Everyone wants easy results. They wanna lose 50 pounds, have the coolest stuff, and all right now! I want to enable myself to move somewhere astounding. Many places, actually. I want to see how it’s like living in Phoenix, Cincinnati, and Fayetteville, to name three of hundreds of cities. Doing so requires materialistic sacrifices. It’s not easy, although one box here, a donation run after filling up a trunk there, and eventually, I’ll achieve my goals.
I don’t generally like taking “before and after” shots while organizing because it’s easy to introduce deceit. Compare this photo – soak in its cluttered carpet – then skip to the end of the essay. What a clear carpet…! I could have just put it all in a box, off-screen, leaving the mess to be tended to another day, which is what we often do. Instead, we should aim to spend the time to untangle and address. 
When I think of writing and editing, my mind will often return to a place that doesn’t exist anymore. Through coincidence, I returned to this place a few months ago. Instead of seeing that alcove I see in my mind monthly, with the latest 90s computer technology showcasing digital publishing and reading books on computers, there was some other exhibit. I will never return to this place again and yet I will always return there.
There is a certain absurdism I loved when I was blocked by a business after being critical of their responsiveness. It was crazy to see! Here is a company that wants to uphold customer service and yet midway through our messages, I see I can no longer communicate with them. I wasn’t aggressive nor sworn! I did what anyone would: I highlighted the absurdity of the situation by saying “I was blocked for this tweet.”
WANNA SEE THE ABSURDITY IN BLAMING AN EXTERNAL FORCE RATHER THAN TAKING PERSONAL RESPONSIBILITY? AND HOW THAT CAN REFLECT POORLY ON YOU? AND HOW FITNESS SHOULD BE ABOUT BETTERING YOURSELF PAST THAT? CLICK HERE TO KEEP ON READING!
There was a box that might have appeared in older photos. Its blue and gray plastic contained old art supplies from when I was in high school if not middle school. Atop those partial memories were raw materials I considered crafting into art projects and never did. Over the past week, I threw out the junk, saved the keepers or second-chancers, and am donating the rest. I researched art foundations or daycares, then realized something:
I don’t need more junk, but I always check the dumpsters just in case there’s something worthwhile. I found plenty of cool junk in my last complex’s dumpster, including most of the furniture I used for many years, and this complex’s weekly pick-up schedule allows for opportunities to see some weird junk. As I rifled through this rolling filing cabinet, with its sawed-off lock, this thought popped into my mind: I don’t need more junk.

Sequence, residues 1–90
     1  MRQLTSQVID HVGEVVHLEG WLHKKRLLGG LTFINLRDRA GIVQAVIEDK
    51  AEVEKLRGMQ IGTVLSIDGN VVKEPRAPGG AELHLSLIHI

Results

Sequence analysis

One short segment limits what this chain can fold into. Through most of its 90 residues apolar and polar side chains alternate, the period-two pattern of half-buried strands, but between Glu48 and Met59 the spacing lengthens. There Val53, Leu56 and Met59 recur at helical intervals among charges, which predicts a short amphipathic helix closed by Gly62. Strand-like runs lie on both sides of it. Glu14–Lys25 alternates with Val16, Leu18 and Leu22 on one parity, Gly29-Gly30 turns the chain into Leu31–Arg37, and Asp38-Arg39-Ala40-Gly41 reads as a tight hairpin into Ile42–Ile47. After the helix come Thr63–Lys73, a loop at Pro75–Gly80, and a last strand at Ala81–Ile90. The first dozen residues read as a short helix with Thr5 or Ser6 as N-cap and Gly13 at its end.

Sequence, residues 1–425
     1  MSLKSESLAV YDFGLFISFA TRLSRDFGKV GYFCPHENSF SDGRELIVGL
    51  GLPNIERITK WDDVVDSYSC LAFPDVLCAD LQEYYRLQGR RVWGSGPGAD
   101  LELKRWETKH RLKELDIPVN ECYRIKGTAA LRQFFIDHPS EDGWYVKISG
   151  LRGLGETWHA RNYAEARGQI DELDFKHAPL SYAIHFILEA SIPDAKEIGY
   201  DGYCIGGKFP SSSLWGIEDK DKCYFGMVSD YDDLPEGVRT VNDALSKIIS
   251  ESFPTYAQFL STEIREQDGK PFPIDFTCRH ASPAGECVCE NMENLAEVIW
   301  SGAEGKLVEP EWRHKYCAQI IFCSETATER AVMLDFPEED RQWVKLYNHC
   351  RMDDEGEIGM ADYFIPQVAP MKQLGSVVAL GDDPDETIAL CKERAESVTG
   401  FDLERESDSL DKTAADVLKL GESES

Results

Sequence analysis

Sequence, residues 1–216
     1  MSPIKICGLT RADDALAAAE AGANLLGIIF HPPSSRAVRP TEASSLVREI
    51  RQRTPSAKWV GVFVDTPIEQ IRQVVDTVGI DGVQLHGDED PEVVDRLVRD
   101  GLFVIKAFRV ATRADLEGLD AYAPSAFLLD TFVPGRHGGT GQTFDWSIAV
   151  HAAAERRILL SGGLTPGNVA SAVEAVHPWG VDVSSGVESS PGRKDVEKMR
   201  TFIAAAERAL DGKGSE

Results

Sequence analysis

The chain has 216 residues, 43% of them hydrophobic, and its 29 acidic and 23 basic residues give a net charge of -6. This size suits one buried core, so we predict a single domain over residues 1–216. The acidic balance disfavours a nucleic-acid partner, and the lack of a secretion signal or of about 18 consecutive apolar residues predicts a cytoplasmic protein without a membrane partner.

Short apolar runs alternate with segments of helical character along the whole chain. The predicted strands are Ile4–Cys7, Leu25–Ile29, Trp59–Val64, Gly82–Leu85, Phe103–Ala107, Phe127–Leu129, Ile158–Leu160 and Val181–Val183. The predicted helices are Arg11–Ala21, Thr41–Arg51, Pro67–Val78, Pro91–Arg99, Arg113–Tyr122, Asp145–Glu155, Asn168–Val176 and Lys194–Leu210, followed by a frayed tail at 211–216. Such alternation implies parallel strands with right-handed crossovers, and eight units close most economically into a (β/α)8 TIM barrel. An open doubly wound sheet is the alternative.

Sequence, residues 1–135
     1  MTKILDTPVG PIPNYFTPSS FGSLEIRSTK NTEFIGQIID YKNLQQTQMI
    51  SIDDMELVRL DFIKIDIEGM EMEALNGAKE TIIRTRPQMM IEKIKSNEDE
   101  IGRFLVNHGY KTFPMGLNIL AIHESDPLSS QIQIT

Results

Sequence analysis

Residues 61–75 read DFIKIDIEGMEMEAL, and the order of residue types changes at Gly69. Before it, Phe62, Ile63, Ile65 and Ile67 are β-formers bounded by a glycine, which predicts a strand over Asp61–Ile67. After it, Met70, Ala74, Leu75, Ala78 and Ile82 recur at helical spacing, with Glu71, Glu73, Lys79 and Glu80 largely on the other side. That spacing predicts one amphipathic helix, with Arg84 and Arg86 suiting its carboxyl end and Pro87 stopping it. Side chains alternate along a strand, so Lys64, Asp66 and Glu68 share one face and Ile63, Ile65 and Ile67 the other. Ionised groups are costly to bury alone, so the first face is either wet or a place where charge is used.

Our lives are often filled with minor annoyances. Whether it’s a pothole that causes a jostle along our commute, rough interactions, or a glaring sense of ennui that life isn’t as going as well as it could, we’re constantly down on ourselves. It’s like that survival instinct gets turned off sometimes. It’s in those darker moments where you’ve just gotta find some pothole to fill in; something that can ideally help others along with yourself.
I won’t read all the books I own. After downsizing everything else in my apartment-mansion, I will be honest with myself about the books I own that I want to read. I will donate or sell any books I’m not compelled to read. An outdated videography book currently sits in my donation pile. It and others represent skills, stories, or somethings I won’t need – for now. If I do, I can always buy them again.
I have three phases for my spare bedroom, “Zeal.” These phases will dictate when I can move. The first phase is mid-swing: a storage room, at its former height, barely navigable. The second phase is moving in my reading, and perhaps writing, operations. The third phase will be scratching my head over what to put there since it will be so empty… Achieving that goal will enable me to efficiently move into perhaps an efficiency?
Everyone wants to find their meaning in life. What happens when you do? The first moment is a beautiful sense of relief. The next moment is wondering: How do I even get there? If I want to write “The Story,” then I have to learn how to write it. I have to develop writing and observational skills. I also have to downsize everything that could prevent me from attaining that goal. That isn’t so beautiful…